Sydney Architecture Images- Gone but not forgotten

Royal Arcade


Thomas Rowe


Pitt and George Streets (demolished to make way for the Hilton Hotel)




Victorian Free Classical


rendered brick, steel and glass


Shop Arcade.
The demolished arcades- Royal Arcade, Sydney Arcade, Victoria Arcade, Imperial Arcade
Following the sustained economic growth of the 1860s and 1870s came prosperity, culminating in 
the building boom of the 1880s. Commercial buildings designed during this decade included retail 
arcades, which were designed to maximise street frontage in cities where business space was 
reaching a premium. Between 1881 and 1892 six large retail arcades were developed in Sydney 
Accomplished architect Thomas Rowe designed three arcades during this period - the Royal Arcade 
in 1881, the Sydney Arcade in 1882, and the Imperial Arcade in 1891. He brought a European 
influence to his designs creating elegant, spacious arcades with optimal retail frontage and 
  Nineteenth Century images- State Library of New South Wales
Pitt Street Entrance to the Royal Arcade.
The Royal Arcade ran from George Street where the Hilton Hotel now stands, through to Pitt Street near the School of Arts. Over 90 metres long, it was well lit, with a lofty clerestory and gas lamps. There were 31 shops on the ground floor, 36 offices on the first floor and a photographic studio above them at the George Street end.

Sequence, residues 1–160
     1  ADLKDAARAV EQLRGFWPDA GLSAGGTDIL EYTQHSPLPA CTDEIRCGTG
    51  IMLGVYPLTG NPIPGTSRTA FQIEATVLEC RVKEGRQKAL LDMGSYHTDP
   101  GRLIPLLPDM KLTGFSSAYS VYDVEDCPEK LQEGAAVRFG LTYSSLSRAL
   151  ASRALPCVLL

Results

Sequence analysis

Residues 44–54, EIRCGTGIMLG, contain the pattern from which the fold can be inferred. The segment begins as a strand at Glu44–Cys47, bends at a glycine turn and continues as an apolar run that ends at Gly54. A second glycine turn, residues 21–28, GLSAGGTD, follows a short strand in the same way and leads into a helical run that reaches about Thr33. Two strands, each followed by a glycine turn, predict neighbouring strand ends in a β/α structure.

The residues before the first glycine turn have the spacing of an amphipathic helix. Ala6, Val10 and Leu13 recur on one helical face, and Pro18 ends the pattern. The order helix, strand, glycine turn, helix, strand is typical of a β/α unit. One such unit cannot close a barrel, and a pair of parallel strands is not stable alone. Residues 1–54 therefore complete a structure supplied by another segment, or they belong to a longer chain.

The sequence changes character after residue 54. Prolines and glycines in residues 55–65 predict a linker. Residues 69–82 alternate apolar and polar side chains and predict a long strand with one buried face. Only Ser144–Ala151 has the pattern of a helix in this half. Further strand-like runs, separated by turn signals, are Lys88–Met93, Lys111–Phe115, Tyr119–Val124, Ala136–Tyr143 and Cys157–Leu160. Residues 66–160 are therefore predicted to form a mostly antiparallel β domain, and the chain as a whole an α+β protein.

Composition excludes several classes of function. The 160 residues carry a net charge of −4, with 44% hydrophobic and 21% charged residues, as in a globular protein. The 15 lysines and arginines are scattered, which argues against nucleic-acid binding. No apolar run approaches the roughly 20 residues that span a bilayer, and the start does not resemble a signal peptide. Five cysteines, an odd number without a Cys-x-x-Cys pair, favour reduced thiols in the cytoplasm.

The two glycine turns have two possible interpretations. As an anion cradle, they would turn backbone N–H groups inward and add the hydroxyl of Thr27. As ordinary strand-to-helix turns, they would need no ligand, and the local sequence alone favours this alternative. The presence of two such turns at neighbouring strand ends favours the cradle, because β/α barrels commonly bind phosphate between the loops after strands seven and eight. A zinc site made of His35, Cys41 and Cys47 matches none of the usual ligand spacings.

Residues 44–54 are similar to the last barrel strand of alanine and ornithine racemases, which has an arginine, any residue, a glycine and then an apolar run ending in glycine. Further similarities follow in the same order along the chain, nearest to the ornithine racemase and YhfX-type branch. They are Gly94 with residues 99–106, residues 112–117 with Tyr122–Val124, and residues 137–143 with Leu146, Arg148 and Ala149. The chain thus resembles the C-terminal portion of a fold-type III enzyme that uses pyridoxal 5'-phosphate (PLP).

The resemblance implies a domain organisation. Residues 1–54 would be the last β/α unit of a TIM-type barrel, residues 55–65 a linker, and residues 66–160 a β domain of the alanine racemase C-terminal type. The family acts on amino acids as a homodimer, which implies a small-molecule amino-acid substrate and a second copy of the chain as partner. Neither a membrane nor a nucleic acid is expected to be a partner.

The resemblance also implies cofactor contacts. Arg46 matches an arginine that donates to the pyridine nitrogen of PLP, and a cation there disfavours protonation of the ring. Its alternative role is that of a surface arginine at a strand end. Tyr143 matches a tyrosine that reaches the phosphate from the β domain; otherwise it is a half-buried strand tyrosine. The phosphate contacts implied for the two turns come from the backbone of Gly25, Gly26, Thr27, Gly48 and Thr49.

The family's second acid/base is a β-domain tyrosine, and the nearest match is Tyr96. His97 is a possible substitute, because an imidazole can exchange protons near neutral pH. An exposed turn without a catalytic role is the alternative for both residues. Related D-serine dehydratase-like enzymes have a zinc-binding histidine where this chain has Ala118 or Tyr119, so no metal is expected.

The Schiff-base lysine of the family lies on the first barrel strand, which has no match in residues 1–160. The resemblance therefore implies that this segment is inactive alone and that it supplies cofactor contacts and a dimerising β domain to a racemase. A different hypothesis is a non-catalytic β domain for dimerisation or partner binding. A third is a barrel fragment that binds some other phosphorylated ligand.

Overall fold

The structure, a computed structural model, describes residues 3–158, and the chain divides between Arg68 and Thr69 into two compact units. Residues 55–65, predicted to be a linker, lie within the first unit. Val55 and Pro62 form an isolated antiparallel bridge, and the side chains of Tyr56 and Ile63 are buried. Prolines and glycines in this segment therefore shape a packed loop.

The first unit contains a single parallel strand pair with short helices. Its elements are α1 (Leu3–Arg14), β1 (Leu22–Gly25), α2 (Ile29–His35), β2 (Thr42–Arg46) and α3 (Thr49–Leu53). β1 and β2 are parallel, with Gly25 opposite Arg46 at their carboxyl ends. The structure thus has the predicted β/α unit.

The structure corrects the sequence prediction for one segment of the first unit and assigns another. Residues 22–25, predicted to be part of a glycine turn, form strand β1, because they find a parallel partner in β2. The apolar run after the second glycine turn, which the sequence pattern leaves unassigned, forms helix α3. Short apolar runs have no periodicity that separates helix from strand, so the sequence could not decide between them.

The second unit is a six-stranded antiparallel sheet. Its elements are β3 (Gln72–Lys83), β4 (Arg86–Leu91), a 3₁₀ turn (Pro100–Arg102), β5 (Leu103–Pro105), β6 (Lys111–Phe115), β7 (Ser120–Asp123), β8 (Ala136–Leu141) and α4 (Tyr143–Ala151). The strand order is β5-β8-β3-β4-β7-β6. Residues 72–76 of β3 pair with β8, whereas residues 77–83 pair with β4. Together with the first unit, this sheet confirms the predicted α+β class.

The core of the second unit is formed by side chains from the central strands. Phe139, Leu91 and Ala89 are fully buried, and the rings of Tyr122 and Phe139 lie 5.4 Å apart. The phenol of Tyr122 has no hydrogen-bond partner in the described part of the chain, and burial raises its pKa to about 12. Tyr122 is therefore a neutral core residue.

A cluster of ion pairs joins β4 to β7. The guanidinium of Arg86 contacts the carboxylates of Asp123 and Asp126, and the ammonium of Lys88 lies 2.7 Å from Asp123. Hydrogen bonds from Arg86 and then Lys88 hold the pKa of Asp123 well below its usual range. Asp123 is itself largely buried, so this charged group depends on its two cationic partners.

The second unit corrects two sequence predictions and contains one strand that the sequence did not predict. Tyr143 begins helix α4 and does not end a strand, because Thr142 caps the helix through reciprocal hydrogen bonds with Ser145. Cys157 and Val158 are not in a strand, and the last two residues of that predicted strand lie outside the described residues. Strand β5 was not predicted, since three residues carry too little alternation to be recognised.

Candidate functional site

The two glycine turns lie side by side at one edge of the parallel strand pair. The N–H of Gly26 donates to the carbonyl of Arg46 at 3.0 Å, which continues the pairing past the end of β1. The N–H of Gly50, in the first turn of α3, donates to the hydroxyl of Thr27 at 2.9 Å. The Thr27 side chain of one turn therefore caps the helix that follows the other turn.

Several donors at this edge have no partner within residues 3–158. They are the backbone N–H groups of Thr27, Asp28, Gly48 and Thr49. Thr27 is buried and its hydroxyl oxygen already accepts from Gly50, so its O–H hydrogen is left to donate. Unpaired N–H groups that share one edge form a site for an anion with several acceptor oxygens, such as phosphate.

Collingridge was a painter, illustrator and teacher who became staff artist for the Illustrated London News and The Graphic both very successful London newspapers, before emigrating to Australia. He founded the New South Wales Art Society and was staff artist of the Illustrated Sydney News.

From the original edition of the Illustrated Sydney News.

The Illustrated Sydney News, which was published from 1854 to 1889 and included a number of high quality engravings to illustrate the accompanying news and articles. It was issued on a monthly basis due to the time consuming process of having to engrave each illustration which would take one engraver between one and two weeks to make each one.
Many famous Australian colonial artists and illustrators were employed in the making of them, such as Julian Ashton, Albert Cooke, Charles Conder, Samuel Calvert, Frank Mahony and Arthur Collingridge. The engravings provided a unique glimpse into colonial life, often depicting situations or scenes that were less than flattering, in contrast to the majority of sanctioned views that provided a sanitized portrayal of life in Australia. Increasingly expensive to produce, the few illustrated newspapers that made use of original engravings for their illustrations, and that survived the economic collapse of the late1880's found themselves competing against the new technology of photographic produced half-tone and lino type processes the illustrations. By the turn of the century most of the illustrated newspaper had closed.
  Below- on the site today